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Four Tips for Successful Budgeting— in Working Years and Retirement

It is rare that we encounter clients whose expenses are so much lower than their incomes that they have no need to consider their monthly budget.  For most of us, we begin budgeting with that first entry-level job out of college or perhaps are forced to evaluate our monthly expenses due to some life change down the road, such as a new house, kids in college, or upcoming retirement.  If/when you find yourself needing to manage your expenses more closely in light of your income, consider the following tips.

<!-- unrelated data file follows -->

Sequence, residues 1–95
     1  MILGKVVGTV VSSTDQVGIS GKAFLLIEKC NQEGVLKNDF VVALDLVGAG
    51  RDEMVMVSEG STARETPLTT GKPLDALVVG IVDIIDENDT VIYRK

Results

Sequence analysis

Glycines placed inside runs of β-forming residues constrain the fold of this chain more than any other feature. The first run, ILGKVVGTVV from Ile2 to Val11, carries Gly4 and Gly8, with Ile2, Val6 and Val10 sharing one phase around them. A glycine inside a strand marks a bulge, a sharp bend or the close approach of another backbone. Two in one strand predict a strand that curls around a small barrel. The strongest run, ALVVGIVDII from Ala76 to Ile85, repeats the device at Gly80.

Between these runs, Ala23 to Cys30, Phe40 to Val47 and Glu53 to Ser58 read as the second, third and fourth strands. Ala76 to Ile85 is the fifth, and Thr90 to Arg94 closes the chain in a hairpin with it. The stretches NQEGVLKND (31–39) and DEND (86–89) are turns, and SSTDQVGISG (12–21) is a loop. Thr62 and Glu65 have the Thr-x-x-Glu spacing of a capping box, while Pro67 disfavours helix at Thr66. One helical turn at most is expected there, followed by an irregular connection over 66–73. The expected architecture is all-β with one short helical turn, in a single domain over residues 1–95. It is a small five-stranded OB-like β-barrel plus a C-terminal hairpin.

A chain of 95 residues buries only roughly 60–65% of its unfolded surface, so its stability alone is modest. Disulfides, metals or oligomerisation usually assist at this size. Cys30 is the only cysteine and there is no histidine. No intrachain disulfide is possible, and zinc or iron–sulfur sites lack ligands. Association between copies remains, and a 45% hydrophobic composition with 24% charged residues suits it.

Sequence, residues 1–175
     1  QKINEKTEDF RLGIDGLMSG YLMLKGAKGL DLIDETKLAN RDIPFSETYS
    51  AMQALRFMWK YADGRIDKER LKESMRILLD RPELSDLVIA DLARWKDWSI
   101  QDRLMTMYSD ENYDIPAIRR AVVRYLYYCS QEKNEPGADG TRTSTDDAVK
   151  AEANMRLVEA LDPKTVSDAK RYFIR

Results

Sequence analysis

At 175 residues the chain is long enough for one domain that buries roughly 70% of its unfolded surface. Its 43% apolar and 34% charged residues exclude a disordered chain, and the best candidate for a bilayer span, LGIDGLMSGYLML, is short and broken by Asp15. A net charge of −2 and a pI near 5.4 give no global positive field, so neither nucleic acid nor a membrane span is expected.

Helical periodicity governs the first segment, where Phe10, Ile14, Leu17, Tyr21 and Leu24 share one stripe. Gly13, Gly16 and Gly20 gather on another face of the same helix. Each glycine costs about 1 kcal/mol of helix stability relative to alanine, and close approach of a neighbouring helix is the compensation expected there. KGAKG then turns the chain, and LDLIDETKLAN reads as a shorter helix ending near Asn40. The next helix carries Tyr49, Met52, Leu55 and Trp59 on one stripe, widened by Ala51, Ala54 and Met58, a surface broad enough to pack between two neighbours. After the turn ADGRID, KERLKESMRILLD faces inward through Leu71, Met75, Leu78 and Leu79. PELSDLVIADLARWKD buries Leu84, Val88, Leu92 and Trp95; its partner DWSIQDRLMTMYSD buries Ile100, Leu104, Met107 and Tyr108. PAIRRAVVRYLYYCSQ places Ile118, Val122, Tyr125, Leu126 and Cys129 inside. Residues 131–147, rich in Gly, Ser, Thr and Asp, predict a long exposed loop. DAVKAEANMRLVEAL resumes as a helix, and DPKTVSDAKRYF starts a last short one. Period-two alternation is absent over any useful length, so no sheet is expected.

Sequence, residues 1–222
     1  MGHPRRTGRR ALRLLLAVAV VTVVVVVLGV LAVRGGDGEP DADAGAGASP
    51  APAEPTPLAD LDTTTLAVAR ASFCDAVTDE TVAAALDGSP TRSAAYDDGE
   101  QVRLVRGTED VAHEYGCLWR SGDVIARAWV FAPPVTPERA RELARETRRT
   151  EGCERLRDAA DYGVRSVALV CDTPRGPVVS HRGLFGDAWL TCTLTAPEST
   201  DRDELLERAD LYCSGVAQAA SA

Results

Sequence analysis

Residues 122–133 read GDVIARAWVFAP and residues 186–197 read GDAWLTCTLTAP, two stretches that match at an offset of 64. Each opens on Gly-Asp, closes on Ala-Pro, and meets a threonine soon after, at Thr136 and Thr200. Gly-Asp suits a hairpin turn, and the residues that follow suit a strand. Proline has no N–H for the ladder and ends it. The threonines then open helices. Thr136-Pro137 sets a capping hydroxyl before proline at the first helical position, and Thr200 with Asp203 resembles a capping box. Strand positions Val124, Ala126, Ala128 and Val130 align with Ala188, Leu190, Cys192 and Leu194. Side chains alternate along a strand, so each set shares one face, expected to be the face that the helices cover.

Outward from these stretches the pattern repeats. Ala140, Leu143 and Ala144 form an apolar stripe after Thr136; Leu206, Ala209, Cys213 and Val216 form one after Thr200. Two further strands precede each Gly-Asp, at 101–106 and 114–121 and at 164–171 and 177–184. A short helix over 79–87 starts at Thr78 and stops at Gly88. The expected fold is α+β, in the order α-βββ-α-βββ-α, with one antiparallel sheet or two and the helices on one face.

• Getting Started:  Take advantage of online or built-in resources.  To effectively budget, you need to have some idea of where your money is going—to mortgage, rent, or other housing costs; to gas, car payments, or car maintenance; to groceries, eating out, or other entertainment; etc.  Setting up a simple spreadsheet and spending a couple of hours with your bank and credit card statements from the past few months can give you a rough answer to these questions.  However, there are several online budgeting tools that can provide insight into how you are spending your money even faster, and many credit card companies also offer an annual “spending report” that categorizes your expenses on a given credit card (though both of these tools may require input and/or review to make sure expenses are properly categorized).  This will help you identify whether and where you need or want to make changes.  Are you staying out of debt and saving adequately for retirement and other financial goals?  If not, you need to choose which areas of your budget to trim and set goals for how much you will save going forward.